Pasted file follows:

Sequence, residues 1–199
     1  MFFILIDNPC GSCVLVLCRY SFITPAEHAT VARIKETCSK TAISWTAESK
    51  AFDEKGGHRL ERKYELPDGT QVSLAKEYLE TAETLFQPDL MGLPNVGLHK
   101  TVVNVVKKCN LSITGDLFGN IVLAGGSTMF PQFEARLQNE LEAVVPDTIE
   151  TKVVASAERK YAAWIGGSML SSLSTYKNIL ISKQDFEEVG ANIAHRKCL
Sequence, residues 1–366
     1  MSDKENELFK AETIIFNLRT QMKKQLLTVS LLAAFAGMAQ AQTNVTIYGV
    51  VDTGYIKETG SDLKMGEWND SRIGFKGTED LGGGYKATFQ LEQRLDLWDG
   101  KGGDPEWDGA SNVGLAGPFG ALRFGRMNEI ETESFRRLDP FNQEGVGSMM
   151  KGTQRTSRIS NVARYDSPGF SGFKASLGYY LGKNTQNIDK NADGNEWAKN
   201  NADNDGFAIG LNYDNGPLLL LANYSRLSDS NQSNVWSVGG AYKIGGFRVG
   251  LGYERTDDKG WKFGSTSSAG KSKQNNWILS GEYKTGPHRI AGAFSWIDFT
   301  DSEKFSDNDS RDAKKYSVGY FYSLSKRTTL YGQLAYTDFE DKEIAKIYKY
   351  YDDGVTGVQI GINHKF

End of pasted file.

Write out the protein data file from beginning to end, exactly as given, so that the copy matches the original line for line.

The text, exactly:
Sequence, residues 1–199
     1  MFFILIDNPC GSCVLVLCRY SFITPAEHAT VARIKETCSK TAISWTAESK
    51  AFDEKGGHRL ERKYELPDGT QVSLAKEYLE TAETLFQPDL MGLPNVGLHK
   101  TVVNVVKKCN LSITGDLFGN IVLAGGSTMF PQFEARLQNE LEAVVPDTIE
   151  TKVVASAERK YAAWIGGSML SSLSTYKNIL ISKQDFEEVG ANIAHRKCL
Sequence, residues 1–366
     1  MSDKENELFK AETIIFNLRT QMKKQLLTVS LLAAFAGMAQ AQTNVTIYGV
    51  VDTGYIKETG SDLKMGEWND SRIGFKGTED LGGGYKATFQ LEQRLDLWDG
   101  KGGDPEWDGA SNVGLAGPFG ALRFGRMNEI ETESFRRLDP FNQEGVGSMM
   151  KGTQRTSRIS NVARYDSPGF SGFKASLGYY LGKNTQNIDK NADGNEWAKN
   201  NADNDGFAIG LNYDNGPLLL LANYSRLSDS NQSNVWSVGG AYKIGGFRVG
   251  LGYERTDDKG WKFGSTSSAG KSKQNNWILS GEYKTGPHRI AGAFSWIDFT
   301  DSEKFSDNDS RDAKKYSVGY FYSLSKRTTL YGQLAYTDFE DKEIAKIYKY
   351  YDDGVTGVQI GINHKF